Minn. Somalis cancel public statement on disappearing youth

Imams, community leaders, and parents of Somali youth who have disappeared in recent months planned a press conference in response to recent media coverage. But disagreements led the organizers to cancel the event.

Several young Somali men have left the Twin Cities and their families and the FBI believe they may have joined Al-Shabab, an Islamist group in Somalia that the U.S. considers a terrorist organization. Some have blamed Abubakar As-Saddique Islamic Center in Minneapolis, a prominent mosque that many of the men attended. The mosque denies any relationship with the disappearances.

Last week, Newsweek wrote about the disappearances and ran a photograph of the mosque's imam. A lot of their story paralleled work done by Abdi Aynte, a local BBC reporter who writes for MNIndy.

Members of the Somali community organized a press conference to take place in Cedar-Riverside today to respond to the media coverage. It was not immediately clear why the press conference was canceled. A representative from Abubakar e-mailed this:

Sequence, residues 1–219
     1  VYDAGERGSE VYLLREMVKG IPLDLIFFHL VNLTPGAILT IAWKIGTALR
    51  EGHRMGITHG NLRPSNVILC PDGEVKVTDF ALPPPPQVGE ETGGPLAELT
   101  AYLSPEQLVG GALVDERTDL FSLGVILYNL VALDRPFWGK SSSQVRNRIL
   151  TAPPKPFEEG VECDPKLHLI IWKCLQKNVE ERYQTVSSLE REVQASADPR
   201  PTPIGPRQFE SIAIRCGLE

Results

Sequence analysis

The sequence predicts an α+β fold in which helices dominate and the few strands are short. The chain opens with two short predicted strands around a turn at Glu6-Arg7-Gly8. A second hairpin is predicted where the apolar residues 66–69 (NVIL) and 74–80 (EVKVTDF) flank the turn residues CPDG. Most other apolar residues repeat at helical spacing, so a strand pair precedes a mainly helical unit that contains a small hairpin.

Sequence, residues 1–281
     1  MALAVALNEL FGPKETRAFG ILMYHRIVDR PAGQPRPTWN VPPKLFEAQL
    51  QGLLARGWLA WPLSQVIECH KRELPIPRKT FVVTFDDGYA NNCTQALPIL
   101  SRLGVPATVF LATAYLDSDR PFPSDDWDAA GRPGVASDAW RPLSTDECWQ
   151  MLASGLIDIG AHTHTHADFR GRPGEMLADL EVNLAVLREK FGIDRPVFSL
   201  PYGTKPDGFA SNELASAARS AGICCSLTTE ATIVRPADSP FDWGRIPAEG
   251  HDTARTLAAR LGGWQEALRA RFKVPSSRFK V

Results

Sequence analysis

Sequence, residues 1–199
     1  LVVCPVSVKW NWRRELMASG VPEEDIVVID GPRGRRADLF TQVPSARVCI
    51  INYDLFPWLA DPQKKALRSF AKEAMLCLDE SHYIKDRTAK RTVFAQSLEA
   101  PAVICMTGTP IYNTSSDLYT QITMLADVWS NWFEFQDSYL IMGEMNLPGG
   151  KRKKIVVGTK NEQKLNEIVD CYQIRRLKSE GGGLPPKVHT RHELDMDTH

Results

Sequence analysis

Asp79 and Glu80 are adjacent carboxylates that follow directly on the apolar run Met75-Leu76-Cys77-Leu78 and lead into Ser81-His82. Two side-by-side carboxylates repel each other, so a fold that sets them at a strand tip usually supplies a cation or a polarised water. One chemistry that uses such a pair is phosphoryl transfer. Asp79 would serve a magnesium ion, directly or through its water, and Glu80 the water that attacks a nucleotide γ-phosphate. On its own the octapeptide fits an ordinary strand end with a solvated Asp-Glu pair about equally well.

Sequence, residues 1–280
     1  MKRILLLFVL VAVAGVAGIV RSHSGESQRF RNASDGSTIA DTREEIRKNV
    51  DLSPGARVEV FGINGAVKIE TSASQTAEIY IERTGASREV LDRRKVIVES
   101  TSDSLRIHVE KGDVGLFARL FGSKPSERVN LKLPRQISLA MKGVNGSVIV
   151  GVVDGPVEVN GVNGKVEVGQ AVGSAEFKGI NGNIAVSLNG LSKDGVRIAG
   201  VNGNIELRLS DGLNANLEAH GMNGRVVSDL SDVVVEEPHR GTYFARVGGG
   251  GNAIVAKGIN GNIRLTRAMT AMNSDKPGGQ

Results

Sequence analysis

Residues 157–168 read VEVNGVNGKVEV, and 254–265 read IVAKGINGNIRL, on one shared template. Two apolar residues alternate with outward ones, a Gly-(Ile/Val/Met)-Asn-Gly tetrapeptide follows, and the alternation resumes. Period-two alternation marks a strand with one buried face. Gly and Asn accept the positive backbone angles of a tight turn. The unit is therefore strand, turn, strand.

I have been just notified that today's press release has been canceled due to some disagreements among the committee that prepared the program.

The Newsweek story focused on Al-Shabab as potentially dangerous to the U.S. The group, which means "the youth" in Arabic, is seeking to establish sharia law in Somalia.

As if to underscore the danger, early last week the FBI and Department of Homeland Security warned in a bulletin for the first time that al-Shabab might try to carry out an attack in America--timed to disrupt the presidential inauguration. A government official, who asked for anonymity discussing sensitive intelligence, tells NEWSWEEK the information came from an informant who notified security officials that people affiliated with al-Shabab might already be here. The tip-off proved to be a false alarm. Still, security officials view the bulletin and the disappearances in Minnesota as a warning that Somalia's brew of lawlessness and radicalism might rebound on the United States. "You have to ask yourself, how long is it before one of these guys comes back here and blows himself up?" says a senior U.S. counterterrorism official, who also wouldn't be quoted on the record discussing intel.

But many Somalis here don't see Al-Shabab as a terrorist organization. Instead, they view it as a group trying to restore order to Somalia, which has been in chaos since the civil war began in 1991.

Somalis, please let us know what you think about all this!